necessity for including these terms show that the secret ballot isn’t always implied. Thus for secret
ballot to be the norm, it must be expressly provided.

29
(missing notes??)

II. OFFICE OF PROFIT

 Disqualification as there might be a conflict of interest


 Need to look at the legal test in article 102 and look if the office is not in the schedule
 OoP not defined in the Consti
 Therefore, three steps to identify OoP:
1. Holding the office
2. Should be under the Central or State Gov
3. Office one of profit
 Thus is person isn’t holding office but is earning profit he cannot be disqualified
 When can you say the office is under the Govt?
(1) Is gov making the appt?
(2) More imp- whether the gov has the right to dismiss the person
( if the second point is fulfilled although the first isn’t, it is held to be a gov office)
(3) Whether gov pays the salary or remuneration. Pecuniary gain- amt irrelevant. A person drawing a fee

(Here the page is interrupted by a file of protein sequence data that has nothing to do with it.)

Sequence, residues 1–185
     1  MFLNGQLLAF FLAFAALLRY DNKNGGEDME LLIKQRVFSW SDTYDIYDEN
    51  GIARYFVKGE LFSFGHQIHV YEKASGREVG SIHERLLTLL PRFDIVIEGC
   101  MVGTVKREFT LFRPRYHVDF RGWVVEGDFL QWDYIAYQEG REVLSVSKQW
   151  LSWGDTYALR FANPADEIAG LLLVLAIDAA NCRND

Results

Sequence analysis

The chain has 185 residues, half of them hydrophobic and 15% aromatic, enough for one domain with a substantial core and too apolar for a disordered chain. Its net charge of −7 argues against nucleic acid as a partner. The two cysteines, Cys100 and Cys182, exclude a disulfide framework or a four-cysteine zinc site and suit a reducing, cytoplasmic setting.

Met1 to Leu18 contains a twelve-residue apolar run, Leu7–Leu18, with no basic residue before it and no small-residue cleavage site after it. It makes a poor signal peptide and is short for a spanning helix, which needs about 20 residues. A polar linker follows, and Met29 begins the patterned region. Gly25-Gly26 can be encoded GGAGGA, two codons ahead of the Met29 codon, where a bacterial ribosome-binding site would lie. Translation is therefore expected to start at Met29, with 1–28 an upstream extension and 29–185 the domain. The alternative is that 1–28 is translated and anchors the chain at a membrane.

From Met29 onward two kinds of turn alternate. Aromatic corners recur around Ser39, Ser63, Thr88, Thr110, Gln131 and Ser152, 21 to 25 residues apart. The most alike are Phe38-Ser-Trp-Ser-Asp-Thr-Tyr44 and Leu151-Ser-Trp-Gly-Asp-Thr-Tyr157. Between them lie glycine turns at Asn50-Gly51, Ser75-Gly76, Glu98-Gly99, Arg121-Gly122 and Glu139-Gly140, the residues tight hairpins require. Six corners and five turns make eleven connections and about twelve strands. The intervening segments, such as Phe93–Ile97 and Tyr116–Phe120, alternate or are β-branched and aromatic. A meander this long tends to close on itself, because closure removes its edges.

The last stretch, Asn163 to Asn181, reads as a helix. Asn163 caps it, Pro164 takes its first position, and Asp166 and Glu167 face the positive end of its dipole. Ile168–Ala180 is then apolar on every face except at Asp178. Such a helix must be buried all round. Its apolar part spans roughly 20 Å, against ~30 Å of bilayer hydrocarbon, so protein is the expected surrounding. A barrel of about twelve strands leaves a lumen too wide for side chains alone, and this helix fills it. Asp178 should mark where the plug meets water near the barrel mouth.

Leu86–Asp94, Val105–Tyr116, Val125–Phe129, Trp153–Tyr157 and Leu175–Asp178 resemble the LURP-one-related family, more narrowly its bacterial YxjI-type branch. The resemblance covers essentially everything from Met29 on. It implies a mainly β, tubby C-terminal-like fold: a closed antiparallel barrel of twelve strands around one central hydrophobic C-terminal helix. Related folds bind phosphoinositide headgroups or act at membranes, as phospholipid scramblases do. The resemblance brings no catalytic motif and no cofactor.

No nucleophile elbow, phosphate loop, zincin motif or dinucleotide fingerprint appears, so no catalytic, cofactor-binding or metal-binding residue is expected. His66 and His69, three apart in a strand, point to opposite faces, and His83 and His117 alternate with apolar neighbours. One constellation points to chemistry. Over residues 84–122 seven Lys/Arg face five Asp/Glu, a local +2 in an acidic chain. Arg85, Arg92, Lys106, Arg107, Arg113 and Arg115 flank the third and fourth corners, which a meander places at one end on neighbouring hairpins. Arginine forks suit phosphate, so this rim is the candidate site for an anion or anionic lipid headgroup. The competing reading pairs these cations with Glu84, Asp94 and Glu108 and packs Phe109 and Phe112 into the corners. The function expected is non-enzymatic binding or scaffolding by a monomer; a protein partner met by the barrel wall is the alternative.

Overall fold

to meet out of pocket expenses for some government office doesn’t count as OoP.
(4) Whether the duties are performed for the government (is it a governmental function?)-nature of
function of the post
(5) Whether govt has control over duty of office
 Dependence of a large number of members of Parliament on govt patronage would weaken the posn of
Parliament vis-à-vis the Executive- tend to support the gov w/o considering a problem w an open mind.
 Should be no conflict b/w duties and interests of an elected member
 Independence of Parliament
 An office of proft doesn’t necessarily mean service of the government- need not be a master-servant
relationship

a) Shibu Soren v Dayanand Sahay


S was appt head of Jharkhand Area Autonomous Council. Paid honorarium for 1550, daily allowance, car+
driver etc all out of gov money.
- He was appt by State govt
- Post at the pleasure of the gov (thus pow to dismiss)